This title is part of American Studies Now and available as an e-book first. Visit ucpress.edu/go/americanstudiesnow to learn more.
From the 1960s to the present, activists, artists, and science fiction writers have imagined the consequences of climate change and its impacts on our future. Authors such as Octavia Butler and Leslie Marmon Silko, movie directors such as Bong Joon-Ho, and creators of digital media such as the makers of the Maori web series Anamata Future News have all envisioned future worlds during and after environmental collapse, engaging audiences to think about the earth’s sustainability. As public awareness of climate change has grown, so has the popularity of works of climate fiction that connect science with activism.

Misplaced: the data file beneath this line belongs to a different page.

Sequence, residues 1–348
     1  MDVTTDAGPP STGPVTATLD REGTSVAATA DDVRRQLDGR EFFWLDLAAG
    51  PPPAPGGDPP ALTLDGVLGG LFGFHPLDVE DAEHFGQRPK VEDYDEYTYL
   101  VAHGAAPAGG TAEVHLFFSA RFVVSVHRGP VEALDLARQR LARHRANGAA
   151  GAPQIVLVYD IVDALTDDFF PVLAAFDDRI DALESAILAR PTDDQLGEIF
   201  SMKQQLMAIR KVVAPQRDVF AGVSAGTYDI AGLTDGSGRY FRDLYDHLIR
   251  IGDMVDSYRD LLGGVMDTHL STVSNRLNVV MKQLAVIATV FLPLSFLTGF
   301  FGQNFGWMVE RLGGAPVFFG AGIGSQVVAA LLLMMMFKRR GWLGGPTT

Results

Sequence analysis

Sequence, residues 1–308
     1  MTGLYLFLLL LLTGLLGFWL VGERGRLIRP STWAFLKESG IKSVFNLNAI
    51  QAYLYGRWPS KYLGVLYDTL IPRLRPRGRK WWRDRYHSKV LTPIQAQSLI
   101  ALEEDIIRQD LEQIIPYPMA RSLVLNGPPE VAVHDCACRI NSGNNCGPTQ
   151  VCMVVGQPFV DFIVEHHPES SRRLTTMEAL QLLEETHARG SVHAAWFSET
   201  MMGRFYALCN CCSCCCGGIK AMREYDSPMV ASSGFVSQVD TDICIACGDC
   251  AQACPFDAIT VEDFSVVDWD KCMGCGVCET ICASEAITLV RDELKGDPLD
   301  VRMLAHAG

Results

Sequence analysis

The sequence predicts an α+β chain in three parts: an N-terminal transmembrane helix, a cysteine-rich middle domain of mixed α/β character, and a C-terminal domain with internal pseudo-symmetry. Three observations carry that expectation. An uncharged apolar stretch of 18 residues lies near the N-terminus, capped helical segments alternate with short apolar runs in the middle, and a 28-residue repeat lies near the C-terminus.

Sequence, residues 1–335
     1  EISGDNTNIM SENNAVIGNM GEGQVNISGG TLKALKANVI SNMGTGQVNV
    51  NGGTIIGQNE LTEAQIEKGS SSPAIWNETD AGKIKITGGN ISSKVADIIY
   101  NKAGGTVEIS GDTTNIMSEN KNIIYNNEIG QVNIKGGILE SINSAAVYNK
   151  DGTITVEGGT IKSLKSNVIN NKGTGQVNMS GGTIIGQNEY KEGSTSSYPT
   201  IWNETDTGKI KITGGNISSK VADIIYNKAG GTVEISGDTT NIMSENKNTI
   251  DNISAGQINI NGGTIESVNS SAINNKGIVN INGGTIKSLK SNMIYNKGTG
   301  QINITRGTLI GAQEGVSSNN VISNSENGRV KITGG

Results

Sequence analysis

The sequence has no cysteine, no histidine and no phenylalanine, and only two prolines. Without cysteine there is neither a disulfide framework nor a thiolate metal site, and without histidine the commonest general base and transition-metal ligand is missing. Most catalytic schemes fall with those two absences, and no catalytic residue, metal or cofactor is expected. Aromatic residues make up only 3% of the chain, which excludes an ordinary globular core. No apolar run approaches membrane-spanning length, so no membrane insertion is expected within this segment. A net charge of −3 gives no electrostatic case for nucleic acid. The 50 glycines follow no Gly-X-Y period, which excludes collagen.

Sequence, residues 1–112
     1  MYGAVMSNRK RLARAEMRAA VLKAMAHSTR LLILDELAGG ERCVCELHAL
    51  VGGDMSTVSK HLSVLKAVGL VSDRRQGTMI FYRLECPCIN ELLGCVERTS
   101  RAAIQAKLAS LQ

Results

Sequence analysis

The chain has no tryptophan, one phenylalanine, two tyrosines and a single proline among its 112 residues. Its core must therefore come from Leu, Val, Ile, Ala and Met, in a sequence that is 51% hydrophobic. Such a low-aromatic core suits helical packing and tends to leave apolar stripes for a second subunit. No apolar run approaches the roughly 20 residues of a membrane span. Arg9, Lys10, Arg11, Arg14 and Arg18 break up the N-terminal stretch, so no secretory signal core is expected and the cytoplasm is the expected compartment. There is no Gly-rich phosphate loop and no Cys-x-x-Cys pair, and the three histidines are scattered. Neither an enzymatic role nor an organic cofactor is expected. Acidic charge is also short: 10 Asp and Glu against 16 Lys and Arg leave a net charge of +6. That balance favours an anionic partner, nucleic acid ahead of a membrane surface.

Today, real-world social movements helmed by Indigenous people and people of color are leading the way against the greatest threat to our environment: the fossil fuel industry. Their stories and movements—in the real world and through science fiction—help us all better understand the relationship between activism and culture, and how both can be valuable tools in creating our future. Imagining the Future of Climate Change introduces readers to the history and most significant flashpoints in climate justice through speculative fictions and social movements, exploring post-disaster possibilities and the art of world-making.